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In Remembrance of the Life by Jane Rosenberg LaForge

Source: Jane Rosenberg LaForge
Paperback, 44 pgs.
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In Remembrance of the Life by Jane Rosenberg LaForge is a chapbook of elegiac poems. While many deal with tough subjects from death to illness and loss, LaForge cautions that these things are inevitable and to deal with them is universal and part of the human condition. However, these moments should not stop us from living; they are a cause for reflection and transformation.

In “Ode to the Homeopathic” (pg. 1), the speaker talks about the awe of believing in lost cures for what ails you, but also warns how quickly those hopes can be dashed “as sickness moved from mass/to liquid…” Beauty is held as a virtue because it is created from something pure, unlike jealousy and other emotions that are reactive and cultivated in certain climates by actions of others and ourselves.

In “My Mother’s Skin” (pg. 5-6), the speaker wonders aloud at the state of skin and how it comes to get the look it does. Is it from illnesses, abuse, or just the simple process of aging. “I cannot write/about the pattern until I master it/” the speaker says. Discovering the pattern of a life can be difficult from the outside, and even as doctors argue “about what to put on the death certificate/”, readers are left wondering why must we pin down that pattern.

Many of LaForge’s poems require careful attention and could require readers to take second and even third looks, but this does not mean the poems are hard to understand. They are in fact packed fully with imagery and meaning that are interconnected to provide readers an overall sense of the inevitability of death. We should not focus on the end result, however, but on how we have lived and how others have lived — savoring each moment and memory.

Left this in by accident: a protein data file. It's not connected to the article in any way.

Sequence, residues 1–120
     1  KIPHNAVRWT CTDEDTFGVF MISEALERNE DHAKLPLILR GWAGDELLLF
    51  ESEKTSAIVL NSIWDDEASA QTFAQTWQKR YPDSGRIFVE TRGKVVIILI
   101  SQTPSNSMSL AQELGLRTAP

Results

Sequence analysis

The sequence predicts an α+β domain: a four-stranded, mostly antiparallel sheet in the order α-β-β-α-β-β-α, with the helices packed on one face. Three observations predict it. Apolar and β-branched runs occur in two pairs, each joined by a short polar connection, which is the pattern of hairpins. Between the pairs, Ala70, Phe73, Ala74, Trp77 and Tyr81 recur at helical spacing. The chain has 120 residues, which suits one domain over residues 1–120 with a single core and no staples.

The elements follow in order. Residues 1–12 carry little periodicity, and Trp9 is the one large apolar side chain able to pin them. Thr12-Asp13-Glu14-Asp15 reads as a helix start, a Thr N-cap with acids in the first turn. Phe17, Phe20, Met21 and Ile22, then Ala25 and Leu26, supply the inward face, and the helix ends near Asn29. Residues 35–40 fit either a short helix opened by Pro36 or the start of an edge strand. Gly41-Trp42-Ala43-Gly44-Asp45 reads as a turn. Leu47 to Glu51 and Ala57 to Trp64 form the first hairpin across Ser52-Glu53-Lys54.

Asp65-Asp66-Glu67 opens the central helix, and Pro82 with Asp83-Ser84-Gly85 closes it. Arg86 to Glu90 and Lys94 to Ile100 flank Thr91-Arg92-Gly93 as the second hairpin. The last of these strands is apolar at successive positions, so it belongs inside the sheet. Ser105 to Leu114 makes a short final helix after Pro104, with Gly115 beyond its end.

“The past is never so long ago/that it cannot be refined … ” (from “I Learned It From a Mormon Girl” (pg. 10)

It also asks the question about medical intervention and whether it is for the patient or ourselves that we prolong lives with tubes and wires? “My father said a lot of things,/like how death took much longer when he/ was a child, not so many tubes in the patient/as the hospital floor covered in trunk lines,/more for show than purpose.” (from “How It Works For Others” pg. 21-22) In Remembrance of the Life by Jane Rosenberg LaForge is a slim and powerful collection remembering life in all its beautiful confusion and ugliness.

RATING: Quatrain

Other Reviews:

With Apologies to Mick Jagger, Other Gods, and All Women

About the Poet:

Jane Rosenberg LaForge’s poetry, fiction, critical, and personal essays have appeared in numerous publications, including Poetry Quarterly, Wilderness House Literary Review, Ottawa Arts Review, Boston Literary Magazine, THRUSH, Ne’er-Do-Well Literary Magazine, and The Western Journal of Black Studies. Her memoir-fantasy, An Unsuitable Princess, is available from Jaded Ibis Press. Her full-length collection of poetry, With Apologies to Mick Jagger, Other Gods, and All Women was published in fall 2012 by The Aldrich Press. She is also the author of the chapbooks After Voices, published by Burning River of Cleveland in 2009, and Half-Life, from Big Table Publishing of Boston in 2010. She is a poet and writer living in New York.

Follow her on Twitter: @JaneRLaForge. And see her author page on Facebook.

  • Anna (Diary of an Eccentric)

    Sounds like a good collection, and the cover is lovely!